‘Grunts’ by Mary Gentle

When I first read ‘Grunts’, nearly twenty-five years ago, it was a delightful surprise. I’d never read anything that had such a deep understanding of the sword and sorcery novels that I loved and yet was able to see their limitations and pretensions clearly and gleefully vivisect them scalpel-sharp humour. It was one of those books that I pestered everyone to read. 

I was already a fan of Mary Gentle. Her books ‘Golden Witchbreed‘ and ‘Ancient Light‘ had me in fan-boy heaven – real characters, difficult issues, anti-colonial politics and a Jacobean level of death and destruction. What I hadn’t expected from her was effective comedy. 

The humour in ‘Grunts’ is a joy. It tells the story from the point of view of a bunch of Orcs – yeah, the cannon-fodder of The Dark, the creatures that someone like Gandalf slaughters by the thousand without a qualm. Vicious. Aggressive. Canabilistic. Mary Gentle takes these guys and has them fall under a spell that, without making them any nicer, gifts them with the weaponry and fight ethos of the US Marine Corps. Suddenly, they’re an effective fighting force with an agenda of their own that doesn’t include dying at the hands of The Light because The Dark have no strategy.

‘Grunts’ is a stiletto to the ribs of all those ‘The Last Battle Between the Light and the Dark‘ trilogies that went on for thousands of pages without humour and without once wondering what made The Light something special rather than just another bunch of fanatical warmongers trashing the homes of the poor. It presents the eternal struggle between The Light and The Dark as pointless destruction and instead of seeing only glory and courage, focuses on the blood and the fear.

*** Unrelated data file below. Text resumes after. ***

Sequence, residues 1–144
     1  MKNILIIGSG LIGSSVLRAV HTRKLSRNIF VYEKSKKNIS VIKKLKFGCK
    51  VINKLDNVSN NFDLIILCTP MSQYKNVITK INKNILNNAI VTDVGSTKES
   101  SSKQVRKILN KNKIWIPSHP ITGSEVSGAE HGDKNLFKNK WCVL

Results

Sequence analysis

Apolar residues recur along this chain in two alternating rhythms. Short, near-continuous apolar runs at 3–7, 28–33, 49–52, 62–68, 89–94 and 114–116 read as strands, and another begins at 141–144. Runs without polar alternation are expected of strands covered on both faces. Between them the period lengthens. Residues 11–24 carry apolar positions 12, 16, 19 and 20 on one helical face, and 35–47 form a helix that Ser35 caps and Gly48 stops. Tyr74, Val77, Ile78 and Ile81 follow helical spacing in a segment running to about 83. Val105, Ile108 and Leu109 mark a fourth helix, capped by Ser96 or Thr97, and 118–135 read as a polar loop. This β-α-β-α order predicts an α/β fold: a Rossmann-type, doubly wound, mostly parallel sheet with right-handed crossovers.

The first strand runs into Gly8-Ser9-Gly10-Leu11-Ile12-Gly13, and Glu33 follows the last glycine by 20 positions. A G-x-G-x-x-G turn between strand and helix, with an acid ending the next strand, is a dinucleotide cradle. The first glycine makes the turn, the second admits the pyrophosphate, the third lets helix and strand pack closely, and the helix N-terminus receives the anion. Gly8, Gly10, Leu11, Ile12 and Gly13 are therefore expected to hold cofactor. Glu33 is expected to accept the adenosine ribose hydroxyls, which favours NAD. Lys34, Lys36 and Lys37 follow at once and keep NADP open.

I had a good time re-reading ‘Grunts’. It was fun in an X-rated Terry Pratchett kind of way. I started to feel some sympathy for the Orcs and hoped that they’d rise up against both leaders of The Light and The Dark. I particularly enjoyed that the ‘Grunts’ analogue of Hobbits were treacherous, murderous, thieves and pimps. 

Unfortunately, this time around, I found the book too long. I gave up after 250 pages. I didn’t have the stamina for the rest. 

I still recommend ‘Grunts’. It is a unique read. 

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